Thursday, August 11, 2016

Jottings : Slice of life - 34

Jottings : Slice of life - 34
Though we prefer to be happy all the time,it is unmistakably true that nothing prepares us better to lead a fulfilled life than unhappiness, deep existential depression ,or to use Kierkegaard's term - a sense of despair about oneself and life around. It almost seems a contradiction in terms. While we make every effort scientifically, morally, ethically to improve the general happiness of Mankind, Man is essential unhappy within. This is a fact. But we do everything in our power not to face it. We try our best to reach a point of peace within the circumference of our outward experiences. Family, work, social life, religion - we try dabbling with all these to arrive there. But somehow despite all this effort, at odd moments, we are left utterly alone. A sense of gloom and despair pervades our being. Interestingly though, the most clarifying and transforming of experiences within an individual are often those which occur when they are in the depth of such gloom, depression or faced with a formidable internal psychological challenge. It is this mysterious predicament that prompted Leo Tolstoy to begin his immortal epic “War and peace” with “ All happy families looks alike, each unhappy family is unhappy in its own way”. Unhappiness is very personal. A smile is plastic, ephemeral and often very artificial and superficial. But sadness, deep angst within, is very deep and can never be adequately shared. It cannot be understood or resolved if it is not squarely faced and seen it for what it is. It is unhappiness which teaches, refines and possibly transforms, and prompts us to ask questions which we normally tend to avoid or gloss over.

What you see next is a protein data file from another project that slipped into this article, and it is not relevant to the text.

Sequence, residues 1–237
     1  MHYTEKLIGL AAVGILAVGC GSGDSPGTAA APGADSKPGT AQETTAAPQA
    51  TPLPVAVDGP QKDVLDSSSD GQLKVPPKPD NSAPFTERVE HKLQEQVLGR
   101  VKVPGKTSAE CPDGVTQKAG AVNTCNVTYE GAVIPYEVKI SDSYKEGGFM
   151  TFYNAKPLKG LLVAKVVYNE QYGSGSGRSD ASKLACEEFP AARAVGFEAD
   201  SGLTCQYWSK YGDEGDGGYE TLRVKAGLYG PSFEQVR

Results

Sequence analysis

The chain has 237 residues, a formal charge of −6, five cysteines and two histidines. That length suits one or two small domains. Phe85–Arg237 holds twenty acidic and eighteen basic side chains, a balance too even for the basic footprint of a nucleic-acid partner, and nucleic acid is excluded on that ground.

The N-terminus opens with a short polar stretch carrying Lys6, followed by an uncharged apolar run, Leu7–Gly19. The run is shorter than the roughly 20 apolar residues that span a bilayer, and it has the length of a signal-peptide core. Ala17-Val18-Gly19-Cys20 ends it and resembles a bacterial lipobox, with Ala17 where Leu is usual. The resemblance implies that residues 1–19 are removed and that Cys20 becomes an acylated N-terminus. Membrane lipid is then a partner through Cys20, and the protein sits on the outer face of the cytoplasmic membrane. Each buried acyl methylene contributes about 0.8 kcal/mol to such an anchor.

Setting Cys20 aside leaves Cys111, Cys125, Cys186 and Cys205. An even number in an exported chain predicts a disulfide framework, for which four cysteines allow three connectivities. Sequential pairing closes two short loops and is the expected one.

Three of our greatest spiritual classics are based on deep personal anguish. One is “The Bhagavad Gita” and the other is Boethius “Consolations of Philosophy” and third is Marcus Aurelius “Meditations”. In the first, The warrior king Arjuna, has a psychological breakdown in the middle of an important battle. Nothing in his personality suggested such a weakness. He was the very embodiment of courage. But in a moment of sudden clarity, he faces his brewing weakness with unashamed frankness, which prompts his Charioteer - the inner Lord himself - to expound one of the most profound discourses on Human condition and redemption to him. The other is the curious case of Boethius, who held a charmed, successful and wealthy life under a Roman consul, only to branded as a traitor soon, and held in a dungeon as a condemned conspirator. While in prison, he laments his fate and blames everyone else but him for his predicament. During those moments of self- introspection and unhappiness, a muse of Philosophy in the form a lady appears to his consciousness and engages Boethius in a wonderful dialogue on wealth, fame, courage, status and true source of Happiness. It is staggering to observe parallels between the Gita and this book. And then there is the majestic ruminations of King Marcus Aurelius, whom Gibbon rates as the finest Roman emperor after Augustus and Caesar to have ruled Rome, seated in his weather beaten tent on the edges of his battlefield, viewing with equanimity the carnage war with barbarians had caused, and penning his stoical thoughts on Human life in prose that is unparalleled in spiritual literature. Just as King Ashoka had an existential crisis after his ferocious war in Kalinga, and had his moment of clarifying revelation in Buddhism; Marcus Aurelius found his truth in the stoicism of Greeks. His aphorisms spread over hundred pages, are wonderful, profound expressions of a troubled spirit trying to find meaning in Human existence and its purpose. All three books are chronicles of tormented souls, who dared to face their inner demons.